Girdler added that a joint resolution will be proposed between the city and county next week relative to the agreement.
Earlier last month, Girdler had met with Barty Bullock about the city possibly claiming its own portion of the occupational tax — which funds a significant portion of the county’s budget — in order to solve the shortfall. However, Girdler said that option wouldn’t come into play until some time in the future, and he had stated to the Commonwealth Journal that funding EMS and avoiding service interruption would be the city’s first priority.
Although only estimates exist as to what portion of the occupational tax would go to the city, numbers have been put at 55 percent to 65 percent of the pie — and that would depend on which employers are located in the city limits.
County officials have even said it could be as high as 75 percent; Pulaski County Treasurer Joan Isaacs said that operating without its full occupational revenue, which makes up 20 percent of that entity’s budget, “would cripple us.”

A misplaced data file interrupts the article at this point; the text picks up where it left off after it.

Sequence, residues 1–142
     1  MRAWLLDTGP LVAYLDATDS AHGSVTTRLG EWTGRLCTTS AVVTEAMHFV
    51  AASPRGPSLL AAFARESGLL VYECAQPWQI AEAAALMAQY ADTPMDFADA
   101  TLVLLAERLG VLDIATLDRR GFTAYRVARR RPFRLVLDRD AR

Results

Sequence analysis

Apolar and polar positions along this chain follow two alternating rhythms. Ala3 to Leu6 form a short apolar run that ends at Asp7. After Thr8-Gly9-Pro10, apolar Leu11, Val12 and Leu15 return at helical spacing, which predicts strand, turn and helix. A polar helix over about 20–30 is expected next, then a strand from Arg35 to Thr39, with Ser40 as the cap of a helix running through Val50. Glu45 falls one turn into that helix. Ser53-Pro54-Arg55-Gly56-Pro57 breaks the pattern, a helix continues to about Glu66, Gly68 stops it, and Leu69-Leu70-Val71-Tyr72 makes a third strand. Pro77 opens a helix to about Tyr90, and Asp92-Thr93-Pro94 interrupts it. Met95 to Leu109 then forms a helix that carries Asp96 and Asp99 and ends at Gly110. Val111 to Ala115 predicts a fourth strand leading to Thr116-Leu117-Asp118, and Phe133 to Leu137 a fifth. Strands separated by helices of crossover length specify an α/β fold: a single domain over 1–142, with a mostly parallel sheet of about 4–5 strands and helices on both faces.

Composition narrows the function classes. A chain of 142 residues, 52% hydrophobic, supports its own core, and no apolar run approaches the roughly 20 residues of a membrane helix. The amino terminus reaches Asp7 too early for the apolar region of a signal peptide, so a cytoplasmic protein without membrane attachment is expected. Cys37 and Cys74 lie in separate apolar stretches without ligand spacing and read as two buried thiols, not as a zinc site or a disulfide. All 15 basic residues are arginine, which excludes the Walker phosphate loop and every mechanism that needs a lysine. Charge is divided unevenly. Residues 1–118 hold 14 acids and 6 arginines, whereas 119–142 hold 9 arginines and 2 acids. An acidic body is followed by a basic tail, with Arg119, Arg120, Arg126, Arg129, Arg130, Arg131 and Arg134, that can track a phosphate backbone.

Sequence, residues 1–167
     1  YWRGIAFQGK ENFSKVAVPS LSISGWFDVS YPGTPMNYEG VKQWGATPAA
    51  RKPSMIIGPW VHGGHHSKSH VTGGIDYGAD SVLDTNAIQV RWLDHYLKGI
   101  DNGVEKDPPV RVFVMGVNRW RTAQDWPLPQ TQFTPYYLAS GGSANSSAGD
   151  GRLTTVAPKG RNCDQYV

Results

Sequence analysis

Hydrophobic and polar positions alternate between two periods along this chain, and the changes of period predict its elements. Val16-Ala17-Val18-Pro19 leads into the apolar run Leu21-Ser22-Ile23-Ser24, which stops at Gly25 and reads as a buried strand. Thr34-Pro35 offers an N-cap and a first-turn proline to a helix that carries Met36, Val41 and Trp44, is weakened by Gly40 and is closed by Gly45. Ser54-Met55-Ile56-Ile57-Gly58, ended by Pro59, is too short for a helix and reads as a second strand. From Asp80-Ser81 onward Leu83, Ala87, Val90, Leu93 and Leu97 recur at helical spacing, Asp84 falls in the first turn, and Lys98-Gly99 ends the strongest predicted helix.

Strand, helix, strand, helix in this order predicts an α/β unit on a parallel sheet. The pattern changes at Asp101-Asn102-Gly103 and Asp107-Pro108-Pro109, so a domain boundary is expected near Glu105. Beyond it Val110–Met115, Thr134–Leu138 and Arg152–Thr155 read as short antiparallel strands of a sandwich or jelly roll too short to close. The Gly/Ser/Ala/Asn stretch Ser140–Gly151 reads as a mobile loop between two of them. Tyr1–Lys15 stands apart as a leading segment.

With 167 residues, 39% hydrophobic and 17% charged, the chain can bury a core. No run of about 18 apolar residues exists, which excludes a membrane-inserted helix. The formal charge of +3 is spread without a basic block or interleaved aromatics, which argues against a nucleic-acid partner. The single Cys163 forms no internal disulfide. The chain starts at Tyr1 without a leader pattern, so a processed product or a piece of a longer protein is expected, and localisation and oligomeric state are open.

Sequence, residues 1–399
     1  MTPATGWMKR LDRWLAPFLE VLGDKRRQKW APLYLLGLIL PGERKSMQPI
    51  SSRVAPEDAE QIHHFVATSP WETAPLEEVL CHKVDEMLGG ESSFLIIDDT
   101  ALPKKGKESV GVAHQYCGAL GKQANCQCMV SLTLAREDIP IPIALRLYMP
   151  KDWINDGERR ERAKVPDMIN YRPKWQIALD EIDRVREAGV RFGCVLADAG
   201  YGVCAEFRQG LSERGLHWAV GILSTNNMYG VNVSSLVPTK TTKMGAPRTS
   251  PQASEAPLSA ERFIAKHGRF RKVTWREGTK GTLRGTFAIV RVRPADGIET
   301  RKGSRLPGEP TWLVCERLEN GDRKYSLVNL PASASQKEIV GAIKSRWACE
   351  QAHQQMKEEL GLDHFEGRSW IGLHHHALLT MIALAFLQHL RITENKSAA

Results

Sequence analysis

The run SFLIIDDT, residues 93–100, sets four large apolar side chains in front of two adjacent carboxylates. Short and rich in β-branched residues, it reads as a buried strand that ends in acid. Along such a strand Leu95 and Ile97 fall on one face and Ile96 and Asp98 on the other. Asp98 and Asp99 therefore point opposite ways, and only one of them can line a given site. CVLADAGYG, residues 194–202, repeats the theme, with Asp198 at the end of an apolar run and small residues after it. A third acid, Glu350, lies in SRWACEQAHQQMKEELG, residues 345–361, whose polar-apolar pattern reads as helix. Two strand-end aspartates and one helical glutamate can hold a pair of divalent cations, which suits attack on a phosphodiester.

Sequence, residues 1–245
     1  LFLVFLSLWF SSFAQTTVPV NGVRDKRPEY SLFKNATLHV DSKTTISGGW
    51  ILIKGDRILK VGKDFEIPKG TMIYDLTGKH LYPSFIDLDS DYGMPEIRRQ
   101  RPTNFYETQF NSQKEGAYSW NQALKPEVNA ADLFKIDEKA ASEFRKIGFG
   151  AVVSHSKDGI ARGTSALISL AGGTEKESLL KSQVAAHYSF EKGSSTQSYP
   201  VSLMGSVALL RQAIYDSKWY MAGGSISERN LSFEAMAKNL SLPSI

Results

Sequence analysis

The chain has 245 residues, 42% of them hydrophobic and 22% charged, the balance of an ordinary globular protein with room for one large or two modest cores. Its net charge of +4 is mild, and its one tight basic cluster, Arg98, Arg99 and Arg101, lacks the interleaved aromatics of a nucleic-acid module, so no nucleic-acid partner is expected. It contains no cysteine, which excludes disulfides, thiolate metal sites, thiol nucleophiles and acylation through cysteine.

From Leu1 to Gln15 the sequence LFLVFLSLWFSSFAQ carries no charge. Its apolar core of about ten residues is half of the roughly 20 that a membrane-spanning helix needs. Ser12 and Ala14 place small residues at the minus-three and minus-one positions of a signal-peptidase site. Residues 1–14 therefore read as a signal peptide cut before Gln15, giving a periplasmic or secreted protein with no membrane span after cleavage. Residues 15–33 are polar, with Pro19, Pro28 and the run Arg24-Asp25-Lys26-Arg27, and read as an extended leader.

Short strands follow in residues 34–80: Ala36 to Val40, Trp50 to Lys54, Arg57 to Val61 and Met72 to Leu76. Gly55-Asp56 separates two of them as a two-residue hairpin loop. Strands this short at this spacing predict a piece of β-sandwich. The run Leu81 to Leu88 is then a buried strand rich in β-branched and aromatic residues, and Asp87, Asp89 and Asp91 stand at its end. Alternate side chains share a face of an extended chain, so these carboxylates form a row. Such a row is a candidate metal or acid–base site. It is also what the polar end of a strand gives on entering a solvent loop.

The statement released Tuesday called the preliminary agreement “a cornerstone for future growth, providing essential services to all citizens today and in the future, and complete(s) the contract arrangement that was made in 1995,” and that it’s the “first comprehensive effort in over 20 years that will make local government more efficient, less confusing, create more jobs, and provide quality services ... that are expected by every person in Pulaski County (and) Somerset.”